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Schneiderman v. Interstate Trans. Lines

Supreme Court of Illinois
Sep 24, 1948
81 N.E.2d 861 (Ill. 1948)


In Schneiderman v. Interstate Transit Lines, Inc., 401 Ill. 172, the Supreme Court again considered the instruction, and held that other instructions given in the case placed before the jury every issue and every fact material to the issues necessary to a recovery by the plaintiff or a finding in favor of the defendant.

Summary of this case from Forslund v. Chicago Transit Authority


No. 30260. Judgment affirmed.

Opinion filed September 24, 1948. Rehearing denied November 11, 1948.

APPEAL from the First Division of the Appellate Court for the First District; — heard in that court on appeal from the Superior Court of Cook County; the Hon. JOHN F. BOLTON, Judge, presiding.

DRENNAN J. SLATER, and THOMAS F. HAMER, both of Chicago, for appellant.

JOSEPH D. RYAN, and Louis P. MILLER, both of Chicago, for appellee.

Jack Schneiderman, appellee, (hereinafter called plaintiff,) recovered a judgment in the superior court of Cook County against Interstate Transit Lines, Inc., appellant, (hereinafter called defendant,) for $100,000 for personal injuries sustained by him on November 26, 1941, when the automobile which he was driving southward on Oak Park Avenue collided with defendant's bus eastbound on Madison Street at the intersection of these two streets in the village of Oak Park.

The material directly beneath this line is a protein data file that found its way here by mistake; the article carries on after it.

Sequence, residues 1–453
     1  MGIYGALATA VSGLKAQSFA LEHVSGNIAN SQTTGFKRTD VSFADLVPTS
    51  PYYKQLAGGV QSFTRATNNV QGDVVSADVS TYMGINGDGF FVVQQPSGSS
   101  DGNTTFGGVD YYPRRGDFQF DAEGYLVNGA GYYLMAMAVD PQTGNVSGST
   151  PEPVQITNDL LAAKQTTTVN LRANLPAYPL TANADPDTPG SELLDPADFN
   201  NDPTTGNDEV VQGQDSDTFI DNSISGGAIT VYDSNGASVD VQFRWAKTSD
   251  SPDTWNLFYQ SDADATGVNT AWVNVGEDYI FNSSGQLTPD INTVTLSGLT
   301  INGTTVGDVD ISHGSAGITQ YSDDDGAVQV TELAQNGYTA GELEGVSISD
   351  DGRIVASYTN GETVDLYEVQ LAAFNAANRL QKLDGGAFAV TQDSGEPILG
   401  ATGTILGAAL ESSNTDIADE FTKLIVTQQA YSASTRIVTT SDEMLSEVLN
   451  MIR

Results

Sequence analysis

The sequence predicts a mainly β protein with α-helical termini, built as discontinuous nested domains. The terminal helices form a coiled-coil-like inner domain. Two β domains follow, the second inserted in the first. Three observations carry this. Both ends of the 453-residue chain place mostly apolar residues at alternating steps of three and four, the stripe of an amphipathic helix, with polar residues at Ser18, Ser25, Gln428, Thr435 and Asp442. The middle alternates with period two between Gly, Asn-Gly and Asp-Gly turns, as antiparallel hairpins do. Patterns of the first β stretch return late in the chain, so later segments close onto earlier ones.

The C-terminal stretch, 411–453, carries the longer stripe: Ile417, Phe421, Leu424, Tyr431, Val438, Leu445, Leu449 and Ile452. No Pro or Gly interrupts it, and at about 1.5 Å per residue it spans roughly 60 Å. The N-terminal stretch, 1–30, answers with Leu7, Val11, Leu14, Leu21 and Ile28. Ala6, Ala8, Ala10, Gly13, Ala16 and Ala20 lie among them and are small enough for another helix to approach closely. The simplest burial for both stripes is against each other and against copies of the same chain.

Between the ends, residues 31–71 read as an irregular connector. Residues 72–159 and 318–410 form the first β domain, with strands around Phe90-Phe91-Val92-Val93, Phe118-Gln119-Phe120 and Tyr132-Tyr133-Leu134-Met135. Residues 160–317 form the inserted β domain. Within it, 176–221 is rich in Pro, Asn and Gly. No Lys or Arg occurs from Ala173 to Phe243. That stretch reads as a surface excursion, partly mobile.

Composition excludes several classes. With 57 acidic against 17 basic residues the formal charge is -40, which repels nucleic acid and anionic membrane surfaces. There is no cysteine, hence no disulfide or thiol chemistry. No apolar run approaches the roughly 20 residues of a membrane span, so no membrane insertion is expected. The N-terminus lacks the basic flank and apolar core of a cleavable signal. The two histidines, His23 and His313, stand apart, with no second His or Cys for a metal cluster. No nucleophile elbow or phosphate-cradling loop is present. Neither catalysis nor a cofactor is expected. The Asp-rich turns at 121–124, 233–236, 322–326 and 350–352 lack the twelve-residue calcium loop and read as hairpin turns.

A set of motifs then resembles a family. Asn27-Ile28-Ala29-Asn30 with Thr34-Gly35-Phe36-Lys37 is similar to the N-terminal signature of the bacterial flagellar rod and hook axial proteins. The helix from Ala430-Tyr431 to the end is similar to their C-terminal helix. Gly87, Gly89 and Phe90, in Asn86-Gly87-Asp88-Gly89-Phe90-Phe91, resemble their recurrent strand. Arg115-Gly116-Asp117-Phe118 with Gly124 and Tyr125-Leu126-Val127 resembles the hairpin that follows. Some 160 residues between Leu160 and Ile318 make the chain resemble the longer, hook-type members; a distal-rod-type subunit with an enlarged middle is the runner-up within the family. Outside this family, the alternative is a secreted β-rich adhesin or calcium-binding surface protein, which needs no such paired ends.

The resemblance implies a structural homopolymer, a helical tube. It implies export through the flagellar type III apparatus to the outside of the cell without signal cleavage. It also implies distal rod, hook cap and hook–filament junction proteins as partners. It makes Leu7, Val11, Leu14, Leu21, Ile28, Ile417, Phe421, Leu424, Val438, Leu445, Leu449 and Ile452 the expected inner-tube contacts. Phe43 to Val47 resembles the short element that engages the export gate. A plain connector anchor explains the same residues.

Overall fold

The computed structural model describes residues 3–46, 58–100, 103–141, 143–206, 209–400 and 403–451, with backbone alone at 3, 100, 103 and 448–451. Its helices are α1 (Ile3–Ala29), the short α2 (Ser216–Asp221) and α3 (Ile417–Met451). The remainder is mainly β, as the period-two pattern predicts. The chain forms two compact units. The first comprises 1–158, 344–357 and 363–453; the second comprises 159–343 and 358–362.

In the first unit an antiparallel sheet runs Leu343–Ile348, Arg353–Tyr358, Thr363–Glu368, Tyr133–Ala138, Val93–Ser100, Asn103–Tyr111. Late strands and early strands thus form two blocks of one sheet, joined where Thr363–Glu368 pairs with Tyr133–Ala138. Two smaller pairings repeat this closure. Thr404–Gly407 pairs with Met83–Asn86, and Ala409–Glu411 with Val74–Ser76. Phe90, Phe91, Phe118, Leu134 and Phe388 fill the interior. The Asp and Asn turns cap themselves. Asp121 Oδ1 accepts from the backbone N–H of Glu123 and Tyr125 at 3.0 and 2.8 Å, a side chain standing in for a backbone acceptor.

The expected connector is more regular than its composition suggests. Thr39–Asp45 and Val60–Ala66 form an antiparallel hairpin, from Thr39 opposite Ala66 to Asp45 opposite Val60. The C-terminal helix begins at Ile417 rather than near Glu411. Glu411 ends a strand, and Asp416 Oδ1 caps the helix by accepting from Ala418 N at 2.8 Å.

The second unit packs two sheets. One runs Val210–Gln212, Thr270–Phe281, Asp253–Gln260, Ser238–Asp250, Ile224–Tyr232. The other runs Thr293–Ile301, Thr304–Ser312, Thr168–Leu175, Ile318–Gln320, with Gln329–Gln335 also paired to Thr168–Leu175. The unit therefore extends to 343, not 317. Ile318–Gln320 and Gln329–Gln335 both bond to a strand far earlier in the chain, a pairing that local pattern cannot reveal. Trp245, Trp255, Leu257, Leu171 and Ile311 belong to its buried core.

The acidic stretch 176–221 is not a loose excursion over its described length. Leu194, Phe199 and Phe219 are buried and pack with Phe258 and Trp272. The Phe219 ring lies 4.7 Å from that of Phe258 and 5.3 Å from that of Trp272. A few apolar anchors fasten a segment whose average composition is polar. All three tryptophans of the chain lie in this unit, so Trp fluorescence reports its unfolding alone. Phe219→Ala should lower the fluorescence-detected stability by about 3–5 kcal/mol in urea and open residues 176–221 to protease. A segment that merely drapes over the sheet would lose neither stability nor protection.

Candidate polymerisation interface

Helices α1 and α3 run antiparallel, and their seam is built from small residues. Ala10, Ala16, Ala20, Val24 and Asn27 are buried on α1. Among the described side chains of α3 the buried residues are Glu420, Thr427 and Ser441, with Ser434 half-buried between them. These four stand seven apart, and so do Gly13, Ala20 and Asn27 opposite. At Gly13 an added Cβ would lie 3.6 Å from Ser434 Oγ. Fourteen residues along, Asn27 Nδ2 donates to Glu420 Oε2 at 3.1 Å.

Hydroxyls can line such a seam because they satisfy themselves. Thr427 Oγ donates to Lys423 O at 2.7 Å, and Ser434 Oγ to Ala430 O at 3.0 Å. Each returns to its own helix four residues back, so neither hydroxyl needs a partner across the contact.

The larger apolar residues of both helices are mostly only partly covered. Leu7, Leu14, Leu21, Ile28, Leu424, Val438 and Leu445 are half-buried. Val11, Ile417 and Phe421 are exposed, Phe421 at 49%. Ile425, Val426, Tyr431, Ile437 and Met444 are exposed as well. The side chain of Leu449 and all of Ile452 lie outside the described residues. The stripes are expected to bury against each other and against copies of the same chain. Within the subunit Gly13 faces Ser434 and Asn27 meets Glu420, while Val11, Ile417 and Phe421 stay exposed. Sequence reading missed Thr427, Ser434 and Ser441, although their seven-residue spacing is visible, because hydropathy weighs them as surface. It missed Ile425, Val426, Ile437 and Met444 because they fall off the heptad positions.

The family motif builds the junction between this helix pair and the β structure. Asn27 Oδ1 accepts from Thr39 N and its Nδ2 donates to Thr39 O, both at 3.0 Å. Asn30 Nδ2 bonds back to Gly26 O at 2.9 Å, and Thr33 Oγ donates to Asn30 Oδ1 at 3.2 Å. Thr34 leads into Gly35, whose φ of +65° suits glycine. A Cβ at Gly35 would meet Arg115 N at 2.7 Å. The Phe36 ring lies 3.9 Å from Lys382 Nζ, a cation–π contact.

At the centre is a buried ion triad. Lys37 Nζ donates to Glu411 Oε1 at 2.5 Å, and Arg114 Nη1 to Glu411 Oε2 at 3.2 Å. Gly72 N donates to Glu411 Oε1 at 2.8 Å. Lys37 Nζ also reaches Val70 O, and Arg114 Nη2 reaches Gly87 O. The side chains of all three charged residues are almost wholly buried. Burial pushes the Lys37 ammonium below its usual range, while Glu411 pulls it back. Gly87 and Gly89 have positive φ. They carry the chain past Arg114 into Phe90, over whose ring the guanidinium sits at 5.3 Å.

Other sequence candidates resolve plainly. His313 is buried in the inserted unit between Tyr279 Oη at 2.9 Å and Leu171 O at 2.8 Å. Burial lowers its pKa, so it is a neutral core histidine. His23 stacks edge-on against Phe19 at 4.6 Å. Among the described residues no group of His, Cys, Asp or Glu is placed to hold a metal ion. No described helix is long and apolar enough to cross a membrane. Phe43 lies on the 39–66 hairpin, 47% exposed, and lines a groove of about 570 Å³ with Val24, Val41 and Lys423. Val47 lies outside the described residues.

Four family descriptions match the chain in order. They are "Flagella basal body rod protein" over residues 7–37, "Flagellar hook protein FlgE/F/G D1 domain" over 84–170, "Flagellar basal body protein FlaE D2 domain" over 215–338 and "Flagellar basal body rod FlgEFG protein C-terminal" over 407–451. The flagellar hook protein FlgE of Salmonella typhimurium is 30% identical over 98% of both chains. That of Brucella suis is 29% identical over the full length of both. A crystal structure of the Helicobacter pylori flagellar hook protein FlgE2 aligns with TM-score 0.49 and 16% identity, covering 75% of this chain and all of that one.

On appeal to the Appellate Court for the First District, the judgment was reversed without remanding. ( 326 Ill. App. 1.) We granted leave to appeal from the judgment of the Appellate Court, and remanded the case to the said Appellate Court, with certain directions. ( 394 Ill. 569.) The Appellate Court in its second opinion affirmed the judgment of the lower court, and we have allowed the petition of the defendant for leave to appeal from that judgment.

In the present appeal the only matter presented for consideration by the court is the alleged error in the giving of plaintiff's instructions 9 and 10. In order to properly understand and visualize the situation as it is now presented the former course of this litigation should be examined with care. In the first appeal to the Appellate Court practically every question that could be raised in a crossing accident case was assigned by appellant under ten different divisions of its brief. Among the points assigned as error was the giving of instructions 9 and 10. Appellee in that appeal defended the correctness of said instructions, and in its reply the defendant again suggested reasons why they constituted error. The principal ground upon which the Appellate Court in its first opinion reversed the case was because it held that the condition of the mind of the plaintiff was such that he became a disqualified witness, whose testimony should be entirely disregarded because of its incoherence and his inability to answer on cross-examination, due to the injured condition which had affected his mind. In its first opinion the Appellate Court also added the following: "We find no material error in the rulings on evidence or instructions," and then concluded by holding that "the trial court should have directed a verdict for defendant or have entered judgment for it notwithstanding the verdict."